Thursday, December 12, 2013

Odd stamps : 08 Stamps with special cuts - 08 c

A very nice sheet was issued only recently by the postal services of Luxemburg.
2007 - Luxemburg - The Vichten Mosaic
The Vichten mosaic depicts the ancient Greek muses. It used to adorn the reception hall of a Roman villa in Vichten but can now be seen in Luxembourg's National Museum of History and Art.

Dating from around 240 A.D., the mosaic of Vichten, which has an area of 61.3 m2 and is in an excellent state of preservation, shows in its main area the mythological and literary subject of the nine Muses, daughters of the supreme God, Zeus, and of the goddess of memory, Mnémosyne.

The Muses, defined around 700 BC by the Greek author Hésiode:

Thalie, Muse of comedy
Euterpe, Muse of music and lyric poetry
Thalia and Euterpe
Terpsichore, Muse of dance and dramatic choirs
Melpomène, Muse of tragedy
Terpischore and Melpomène
Clio, Muse of history
Uranie, Muse of astronom
Clio and Urania
Polymnie, Muse choir singing and harmony
Erato, Muse of love poetry
Polymnia and AErato
Calliope, Muse of epic elegiac poetry, in the company of the prince of poets, Homer.

central stamp
real mosaic
The eight « exterior » Muses are oriented on an axis towards the middle of the central medallion. The depiction of the clothing and other attributes of the different personalities, identified by latin inscriptions included above each medallion, is very detailed.
Two by two, they are joined on one octagonal stamp.
The central stamp is not octagonal.

back side of the Vichten sheet (Lux 2007)
This supberb mosaic used to adorn the reception hall of a Roman villa in Vichten and was rediscovered in 1995 on the site of a new agricultural operation in Vichten. Archaelogical resarch found the foundations of one of the most remarkable Roman villas ever discovered in the Grand Duchy of Luxembourg.
detail real mosaic
After it's discovery it was carfully removed and it can now be seen in Luxembourg's National Museum of History and Art.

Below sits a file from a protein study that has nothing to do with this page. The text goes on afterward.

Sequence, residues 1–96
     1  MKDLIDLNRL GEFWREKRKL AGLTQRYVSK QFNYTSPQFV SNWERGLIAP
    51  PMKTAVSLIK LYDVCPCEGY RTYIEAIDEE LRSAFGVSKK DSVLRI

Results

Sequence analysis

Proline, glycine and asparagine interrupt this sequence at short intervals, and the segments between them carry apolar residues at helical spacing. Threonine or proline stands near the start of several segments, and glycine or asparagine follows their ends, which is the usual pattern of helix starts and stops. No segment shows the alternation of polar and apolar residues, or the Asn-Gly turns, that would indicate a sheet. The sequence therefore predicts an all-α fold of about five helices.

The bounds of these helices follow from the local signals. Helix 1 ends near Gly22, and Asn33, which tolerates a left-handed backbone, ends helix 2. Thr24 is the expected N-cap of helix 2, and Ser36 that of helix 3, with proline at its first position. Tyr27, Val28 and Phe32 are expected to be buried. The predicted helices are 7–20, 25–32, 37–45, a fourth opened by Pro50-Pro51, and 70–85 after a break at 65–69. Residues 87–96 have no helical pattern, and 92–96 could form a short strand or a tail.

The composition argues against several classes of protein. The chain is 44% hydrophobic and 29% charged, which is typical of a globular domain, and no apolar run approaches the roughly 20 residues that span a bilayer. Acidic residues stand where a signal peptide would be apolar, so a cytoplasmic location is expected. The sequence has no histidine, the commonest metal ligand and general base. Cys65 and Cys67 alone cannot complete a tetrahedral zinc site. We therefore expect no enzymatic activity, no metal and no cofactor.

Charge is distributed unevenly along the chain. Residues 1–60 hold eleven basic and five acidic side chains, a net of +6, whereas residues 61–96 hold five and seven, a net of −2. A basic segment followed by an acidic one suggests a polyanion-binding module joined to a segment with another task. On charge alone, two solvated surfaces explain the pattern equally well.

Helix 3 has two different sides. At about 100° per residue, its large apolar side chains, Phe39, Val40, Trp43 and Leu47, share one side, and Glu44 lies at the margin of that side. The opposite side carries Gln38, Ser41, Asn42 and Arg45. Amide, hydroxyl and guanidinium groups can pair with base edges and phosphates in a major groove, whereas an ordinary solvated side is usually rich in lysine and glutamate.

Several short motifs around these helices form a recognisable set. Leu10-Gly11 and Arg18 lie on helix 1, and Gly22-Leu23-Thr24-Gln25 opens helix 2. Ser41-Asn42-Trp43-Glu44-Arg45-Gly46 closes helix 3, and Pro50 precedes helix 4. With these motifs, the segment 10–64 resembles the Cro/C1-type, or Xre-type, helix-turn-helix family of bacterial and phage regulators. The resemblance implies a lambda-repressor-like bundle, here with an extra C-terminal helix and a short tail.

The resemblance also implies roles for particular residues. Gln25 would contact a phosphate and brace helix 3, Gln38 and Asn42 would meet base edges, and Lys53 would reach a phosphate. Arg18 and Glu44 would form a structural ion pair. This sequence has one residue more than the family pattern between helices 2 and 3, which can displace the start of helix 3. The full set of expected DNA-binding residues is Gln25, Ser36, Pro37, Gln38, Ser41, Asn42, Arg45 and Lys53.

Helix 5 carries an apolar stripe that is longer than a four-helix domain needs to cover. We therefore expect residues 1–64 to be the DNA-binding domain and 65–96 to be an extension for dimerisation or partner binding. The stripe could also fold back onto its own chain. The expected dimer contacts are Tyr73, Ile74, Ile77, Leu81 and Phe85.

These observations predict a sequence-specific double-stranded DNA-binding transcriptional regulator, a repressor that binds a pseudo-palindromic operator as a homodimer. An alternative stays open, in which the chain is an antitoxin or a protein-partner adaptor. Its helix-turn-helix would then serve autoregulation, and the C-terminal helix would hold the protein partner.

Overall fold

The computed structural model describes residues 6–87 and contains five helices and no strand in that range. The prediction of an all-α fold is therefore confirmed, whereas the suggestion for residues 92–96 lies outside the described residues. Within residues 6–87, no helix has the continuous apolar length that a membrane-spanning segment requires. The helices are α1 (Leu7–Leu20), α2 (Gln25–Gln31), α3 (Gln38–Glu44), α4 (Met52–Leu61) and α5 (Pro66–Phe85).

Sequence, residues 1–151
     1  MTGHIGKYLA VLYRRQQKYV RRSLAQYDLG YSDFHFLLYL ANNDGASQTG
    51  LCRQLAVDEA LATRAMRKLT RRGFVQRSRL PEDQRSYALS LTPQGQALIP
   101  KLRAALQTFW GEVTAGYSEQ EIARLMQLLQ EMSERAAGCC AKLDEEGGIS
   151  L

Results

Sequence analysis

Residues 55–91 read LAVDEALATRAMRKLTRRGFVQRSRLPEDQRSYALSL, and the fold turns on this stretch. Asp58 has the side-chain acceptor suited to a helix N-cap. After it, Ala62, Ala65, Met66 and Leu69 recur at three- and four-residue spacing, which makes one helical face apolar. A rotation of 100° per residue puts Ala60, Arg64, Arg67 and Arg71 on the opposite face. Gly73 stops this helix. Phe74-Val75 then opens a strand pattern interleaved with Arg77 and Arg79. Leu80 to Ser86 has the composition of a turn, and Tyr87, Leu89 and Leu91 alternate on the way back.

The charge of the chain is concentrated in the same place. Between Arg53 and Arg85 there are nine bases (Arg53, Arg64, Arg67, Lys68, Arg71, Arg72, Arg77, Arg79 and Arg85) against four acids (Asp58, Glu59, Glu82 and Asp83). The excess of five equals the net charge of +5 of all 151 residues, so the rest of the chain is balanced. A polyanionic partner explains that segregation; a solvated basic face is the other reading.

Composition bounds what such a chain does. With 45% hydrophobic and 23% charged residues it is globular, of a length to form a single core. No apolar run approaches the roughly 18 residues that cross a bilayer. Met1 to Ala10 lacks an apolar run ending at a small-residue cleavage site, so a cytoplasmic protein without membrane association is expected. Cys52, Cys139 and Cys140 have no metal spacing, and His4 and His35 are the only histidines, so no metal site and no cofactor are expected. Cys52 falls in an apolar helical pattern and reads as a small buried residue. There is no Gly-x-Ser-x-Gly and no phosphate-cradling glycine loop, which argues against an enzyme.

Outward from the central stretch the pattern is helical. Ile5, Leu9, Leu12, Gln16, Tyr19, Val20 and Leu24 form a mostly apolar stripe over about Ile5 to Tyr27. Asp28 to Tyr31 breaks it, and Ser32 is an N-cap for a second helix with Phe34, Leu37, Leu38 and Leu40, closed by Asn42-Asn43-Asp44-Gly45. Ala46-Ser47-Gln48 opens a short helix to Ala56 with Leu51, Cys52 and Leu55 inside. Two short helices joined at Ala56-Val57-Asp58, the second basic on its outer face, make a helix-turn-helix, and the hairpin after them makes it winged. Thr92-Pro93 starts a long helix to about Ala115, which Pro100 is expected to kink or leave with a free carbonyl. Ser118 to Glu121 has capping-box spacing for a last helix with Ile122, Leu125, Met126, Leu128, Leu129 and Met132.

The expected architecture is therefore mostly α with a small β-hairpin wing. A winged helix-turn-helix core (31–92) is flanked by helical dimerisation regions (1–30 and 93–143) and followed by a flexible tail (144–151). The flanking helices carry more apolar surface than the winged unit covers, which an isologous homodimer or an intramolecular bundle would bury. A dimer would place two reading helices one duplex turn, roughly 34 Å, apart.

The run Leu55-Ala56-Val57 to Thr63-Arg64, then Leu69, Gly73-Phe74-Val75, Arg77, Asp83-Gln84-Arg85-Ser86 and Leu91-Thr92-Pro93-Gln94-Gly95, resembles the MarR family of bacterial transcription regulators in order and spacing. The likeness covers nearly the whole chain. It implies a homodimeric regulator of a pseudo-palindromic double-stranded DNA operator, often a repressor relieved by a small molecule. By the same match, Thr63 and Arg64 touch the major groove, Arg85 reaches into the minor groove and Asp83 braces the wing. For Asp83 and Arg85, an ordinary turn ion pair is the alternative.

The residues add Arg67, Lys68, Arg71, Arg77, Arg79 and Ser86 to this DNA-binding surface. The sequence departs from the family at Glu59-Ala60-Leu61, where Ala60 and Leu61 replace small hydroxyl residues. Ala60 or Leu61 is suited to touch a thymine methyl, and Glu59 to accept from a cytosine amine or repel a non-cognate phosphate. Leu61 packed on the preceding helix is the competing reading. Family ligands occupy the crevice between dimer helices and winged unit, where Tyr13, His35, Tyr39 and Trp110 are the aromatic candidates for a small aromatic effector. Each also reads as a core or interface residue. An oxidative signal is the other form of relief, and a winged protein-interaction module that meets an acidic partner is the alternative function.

Wednesday, December 11, 2013

Odd stamps : 01e Perfumed stamps

In the beginning of December, Belgian and Dutch children are looking forward on the visit of Saint Nicolas.  (also parts of northern France, Luxemburg, Germany , Switserland, Austria and even parts of Italy are familiar with 'Santa').

The 'Sinterklaasfeest' celebrates the name day, 6 December, of Saint Nicholas (270–343), patron saint of children. Saint Nicholas was a Greek bishop of Myra in present-day Turkey. In 1087, half of his relics were furtively transported to Bari, in southeastern Italy; for this reason, he is also known as Nikolaos of Bari. Bari later formed part of the Spanish Kingdom of Naples, because it was previously conquered in 1442 by Alfonso V of Aragon. The city thus became part of the Kingdom of Aragon and later of Spain, until the 18th century. 

Sinterklaas and the book with the names of all 'good' children
Every year, Sinterklaas makes his 'official introduction, by arriving by boat in the mayor harbours in Belgium and the Netherland. As there is the historic link with Spain, all kids are convinced that the good man therefore is arriving from Spain.

If you have been naughty during the past year, you'll risk to get punished or whipped with a branch, all good children will get presents (how convenient for the parents....)Of course there are no bad children, so everyone receives something from Sinterklaas.
As with many 'catholic' traditions, there are links with much older costumes.
There is for example a parallel with the old Celtic costumes and even with nordic folk religion:
  • Sinterklaas rides the rooftops on his white horse which has various names; Odin rides the sky with his grey horse Sleipnir.
  • Sinterklaas gives chocolate letters to children, like Odin gave the rune letters to man.
  • Sinterklaas carries a staff and has mischievous helpers with black faces, who listen at chimneys to find out whether children are bad or good and report to Sinterklaas; Odin has a spear and his black ravens, Huginn and Muninn, who report what happens in the world to Odin.

Aside from toys, (nowadays given around Christmas and New Year), Saint Nicolas brings candy and more specificly a typical cookie : speculaas (or speculoos).
speculaas - speculoos
A cookie you often receive when ordering a coffee on a Belgian terrace.
The ingredients to make speculaas : flour, pepper, cinnamon, ginger, cloves, cardamom and nutmeg.
For Sinterklaas, the speculaas cookies are made in the shape of Sinterklaas, or as small nut shaped cookies. Then we call them 'kruidnoten' ('litt: herb nuts').

specially shaped speculaas
A similar and often confused cookie is the 'pepernoot' (lit: peper nut).
The ingredients are slightly different, and the final cookie is softer than the 'kruidnoot':
They are light brown, round shaped, and made from the same ingredients as taai-taai: flour, sugar, anise, cinnamon, and clove.
peper nuts

So far the introduction to the topic of the day :
The 'sinterklaas - stamps' of the Netherlands, with the fragrance of speculaas.

perfumed stamps of the Netherlands - 2013
In Belgium there's a city called Sint-Niklaas, and the good old men is also the patron saint of Amsterdam, the capital city of the Netherlands.

Russian Republics and more ... 01 A Siberian Federal District - Touva 2a

We can divide Tuva's postal history in 2 periods, the first from 1926 to 1944,
the second one from 1994 to 1995.